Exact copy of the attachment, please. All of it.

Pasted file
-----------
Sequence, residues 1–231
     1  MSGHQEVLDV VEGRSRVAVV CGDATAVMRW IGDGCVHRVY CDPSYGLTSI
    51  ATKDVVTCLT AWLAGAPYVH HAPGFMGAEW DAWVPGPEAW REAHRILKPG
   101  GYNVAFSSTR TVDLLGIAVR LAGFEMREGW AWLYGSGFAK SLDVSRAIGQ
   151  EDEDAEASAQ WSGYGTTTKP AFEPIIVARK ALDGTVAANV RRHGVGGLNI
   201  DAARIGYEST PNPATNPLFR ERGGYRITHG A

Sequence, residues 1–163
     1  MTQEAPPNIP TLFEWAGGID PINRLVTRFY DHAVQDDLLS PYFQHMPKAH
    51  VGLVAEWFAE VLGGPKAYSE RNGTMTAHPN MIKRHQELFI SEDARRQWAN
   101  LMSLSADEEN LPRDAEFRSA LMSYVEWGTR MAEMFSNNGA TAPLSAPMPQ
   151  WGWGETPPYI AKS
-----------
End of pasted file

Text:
Sequence, residues 1–231
     1  MSGHQEVLDV VEGRSRVAVV CGDATAVMRW IGDGCVHRVY CDPSYGLTSI
    51  ATKDVVTCLT AWLAGAPYVH HAPGFMGAEW DAWVPGPEAW REAHRILKPG
   101  GYNVAFSSTR TVDLLGIAVR LAGFEMREGW AWLYGSGFAK SLDVSRAIGQ
   151  EDEDAEASAQ WSGYGTTTKP AFEPIIVARK ALDGTVAANV RRHGVGGLNI
   201  DAARIGYEST PNPATNPLFR ERGGYRITHG A

Sequence, residues 1–163
     1  MTQEAPPNIP TLFEWAGGID PINRLVTRFY DHAVQDDLLS PYFQHMPKAH
    51  VGLVAEWFAE VLGGPKAYSE RNGTMTAHPN MIKRHQELFI SEDARRQWAN
   101  LMSLSADEEN LPRDAEFRSA LMSYVEWGTR MAEMFSNNGA TAPLSAPMPQ
   151  WGWGETPPYI AKS